The Central Electricity Regulatory Commission (CERC) vide its order dated June 17, 2020 reduced the forbearance prices and removed the floor price for the Renewable Energy Certificates (RECs), citing the significant reduction in wind and solar power tariffs over the past three years. As per an ICRA note, this will negatively impact the REC projects while it is a positive for obligated entities. The commission has removed the floor price for the RECs against the prevailing floor price of Rs. 1000 and reduced the forbearance price to Rs 1000 per REC from Rs 2400 per REC for solar RECs and from Rs 3000 per REC for non-solar RECs. The revised prices are effective from July 1, 2020 and valid till June 30, 2021. The last such price revision was undertaken in March 2017. The RECs remain an important instrument to enable the distribution utilities and captive users without access to renewable sources to meet their renewable purchase obligation (RPO)
Commenting further on the development, Mr. Sabyasachi Majumdar, Group Head & Senior Vice President, ICRA Ltd says, “The removal of the floor price and revision of the forbearance prices of the RECs without extending the vintage multiplier would lead to inventory losses for existing REC based projects, with estimated inventory loss of Rs 400 crore. On the other hand, the reduction in prices is a positive for the obligated entities such as distribution utilities and captive industrial users, who meet their RPO targets through RECs. This in turn is likely to improve the RPO compliance by the obligated entities.”
The annual savings from the REC price revision for the obligated entities is estimated to be at least ~Rs. 700 crore, based on the average traded price and volumes traded in FY2020 and considering that the RECs would trade at prices closer to the revised forbearance price. The savings would be higher, if the prices on the exchange remain lower than the forbearance price.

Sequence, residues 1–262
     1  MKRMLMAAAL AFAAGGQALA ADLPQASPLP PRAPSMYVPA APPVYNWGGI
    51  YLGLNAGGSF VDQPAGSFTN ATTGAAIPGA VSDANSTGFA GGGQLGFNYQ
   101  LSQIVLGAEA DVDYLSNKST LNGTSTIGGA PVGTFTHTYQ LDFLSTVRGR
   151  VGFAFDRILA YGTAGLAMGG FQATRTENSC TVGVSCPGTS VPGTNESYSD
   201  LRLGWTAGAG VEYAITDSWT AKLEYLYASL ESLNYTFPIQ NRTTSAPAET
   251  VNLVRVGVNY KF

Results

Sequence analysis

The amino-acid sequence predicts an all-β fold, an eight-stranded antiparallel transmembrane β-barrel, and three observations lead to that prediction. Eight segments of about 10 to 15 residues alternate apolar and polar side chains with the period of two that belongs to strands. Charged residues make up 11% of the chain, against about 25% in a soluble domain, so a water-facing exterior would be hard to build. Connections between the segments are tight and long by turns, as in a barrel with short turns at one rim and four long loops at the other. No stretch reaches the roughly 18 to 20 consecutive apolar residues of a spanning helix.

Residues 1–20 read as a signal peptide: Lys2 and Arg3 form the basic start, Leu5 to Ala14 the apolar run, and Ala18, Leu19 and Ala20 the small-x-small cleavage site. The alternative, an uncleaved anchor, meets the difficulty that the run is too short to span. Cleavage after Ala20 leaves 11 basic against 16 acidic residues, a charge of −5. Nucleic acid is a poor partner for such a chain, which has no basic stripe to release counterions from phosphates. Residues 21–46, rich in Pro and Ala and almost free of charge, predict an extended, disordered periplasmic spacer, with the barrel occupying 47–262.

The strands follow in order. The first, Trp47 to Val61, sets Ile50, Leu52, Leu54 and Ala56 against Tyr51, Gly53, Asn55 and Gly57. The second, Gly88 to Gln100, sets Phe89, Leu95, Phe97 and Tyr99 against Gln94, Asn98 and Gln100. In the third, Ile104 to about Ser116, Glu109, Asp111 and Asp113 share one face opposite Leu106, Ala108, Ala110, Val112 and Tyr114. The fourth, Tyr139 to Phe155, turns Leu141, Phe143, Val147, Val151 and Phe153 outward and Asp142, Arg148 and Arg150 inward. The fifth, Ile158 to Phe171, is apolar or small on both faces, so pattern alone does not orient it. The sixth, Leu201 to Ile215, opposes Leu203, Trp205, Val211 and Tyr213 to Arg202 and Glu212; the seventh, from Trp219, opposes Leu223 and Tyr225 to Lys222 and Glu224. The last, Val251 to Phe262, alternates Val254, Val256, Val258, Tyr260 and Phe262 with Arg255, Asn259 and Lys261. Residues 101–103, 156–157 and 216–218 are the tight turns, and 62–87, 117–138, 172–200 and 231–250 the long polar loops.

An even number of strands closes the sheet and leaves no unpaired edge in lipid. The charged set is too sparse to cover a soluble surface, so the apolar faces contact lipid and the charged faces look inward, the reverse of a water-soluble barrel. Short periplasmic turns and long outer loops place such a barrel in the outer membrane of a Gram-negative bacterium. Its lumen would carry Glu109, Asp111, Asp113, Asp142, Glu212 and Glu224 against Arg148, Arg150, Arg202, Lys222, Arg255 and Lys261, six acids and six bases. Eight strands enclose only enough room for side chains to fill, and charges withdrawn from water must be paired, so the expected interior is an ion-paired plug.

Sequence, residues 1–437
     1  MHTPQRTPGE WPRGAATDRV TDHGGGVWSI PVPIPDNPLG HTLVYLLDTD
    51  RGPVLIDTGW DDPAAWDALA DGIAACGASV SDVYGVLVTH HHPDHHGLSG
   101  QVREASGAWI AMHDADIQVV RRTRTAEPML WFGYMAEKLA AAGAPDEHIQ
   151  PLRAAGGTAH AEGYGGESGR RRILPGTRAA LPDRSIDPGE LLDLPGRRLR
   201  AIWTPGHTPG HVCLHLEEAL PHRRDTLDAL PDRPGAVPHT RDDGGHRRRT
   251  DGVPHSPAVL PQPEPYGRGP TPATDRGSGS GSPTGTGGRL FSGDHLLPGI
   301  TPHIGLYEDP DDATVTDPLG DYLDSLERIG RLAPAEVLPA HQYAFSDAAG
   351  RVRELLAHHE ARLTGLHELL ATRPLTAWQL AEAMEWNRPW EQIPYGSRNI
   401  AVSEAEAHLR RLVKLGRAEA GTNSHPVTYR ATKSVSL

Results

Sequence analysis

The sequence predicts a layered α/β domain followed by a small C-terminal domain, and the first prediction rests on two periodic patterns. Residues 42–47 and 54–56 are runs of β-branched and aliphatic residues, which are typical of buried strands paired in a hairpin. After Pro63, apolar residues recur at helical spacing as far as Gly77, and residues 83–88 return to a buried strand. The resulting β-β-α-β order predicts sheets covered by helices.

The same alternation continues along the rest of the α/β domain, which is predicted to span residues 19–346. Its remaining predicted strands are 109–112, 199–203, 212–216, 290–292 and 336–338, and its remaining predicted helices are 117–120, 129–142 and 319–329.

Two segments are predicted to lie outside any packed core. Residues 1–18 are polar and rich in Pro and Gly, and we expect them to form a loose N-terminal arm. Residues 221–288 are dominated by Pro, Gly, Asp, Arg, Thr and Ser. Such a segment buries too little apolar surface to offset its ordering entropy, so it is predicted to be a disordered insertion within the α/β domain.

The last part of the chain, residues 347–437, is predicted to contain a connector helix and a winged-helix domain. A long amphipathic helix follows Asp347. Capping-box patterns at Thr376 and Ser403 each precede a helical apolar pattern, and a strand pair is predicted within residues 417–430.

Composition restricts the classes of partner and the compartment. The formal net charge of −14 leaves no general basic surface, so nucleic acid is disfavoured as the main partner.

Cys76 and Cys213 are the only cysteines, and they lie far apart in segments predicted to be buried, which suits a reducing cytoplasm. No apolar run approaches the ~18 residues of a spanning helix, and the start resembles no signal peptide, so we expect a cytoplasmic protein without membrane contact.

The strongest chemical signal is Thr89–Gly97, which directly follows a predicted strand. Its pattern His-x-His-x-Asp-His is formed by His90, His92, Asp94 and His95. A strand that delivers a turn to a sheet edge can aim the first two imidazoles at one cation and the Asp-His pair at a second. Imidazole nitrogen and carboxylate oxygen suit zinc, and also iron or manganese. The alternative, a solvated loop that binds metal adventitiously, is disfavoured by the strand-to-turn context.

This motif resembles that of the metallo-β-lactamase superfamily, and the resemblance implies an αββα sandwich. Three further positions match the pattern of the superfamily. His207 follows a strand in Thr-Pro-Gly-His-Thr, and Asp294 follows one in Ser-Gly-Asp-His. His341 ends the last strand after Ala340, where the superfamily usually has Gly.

“Given the unprecedented impact on energy demand and hence, on the cash flows of the distribution utilities following lockdown due to COVID outbreak, there has been requests by the utilities to waive off / lower the RPO targets with the SERCs. The state regulatory in Haryana has issued an order in June 2020 waiving off the shortfall in RPO compliance till March 31, 2019 as one-off measure, instead of levying any penalty or directing to fulfill the same in subsequent period. This is negative from REC demand perspective, and such risk cannot
be ruled out in other states in the near term. Further, RPO norms continue to vary across the states and do not remain in line with policy targets prescribed by the Ministry of Power, Government of India.” says Girishkumar Kadam, Sector Head & Vice President, ICRA Ltd.
The demand for RECs has however improved since November 2017, with the improved compliance of RPO norms by the discoms, given the Government focus on improving the share of renewables in overall generation and increased regulatory focus on compliance towards RPO norms; as well as regular downward revision in floor and cap prices of RECs by the CERC. Also, the realisation for the REC holders was higher than the floor price of Rs. 1000 per REC in FY2019 and FY2020, supported by the improved demand.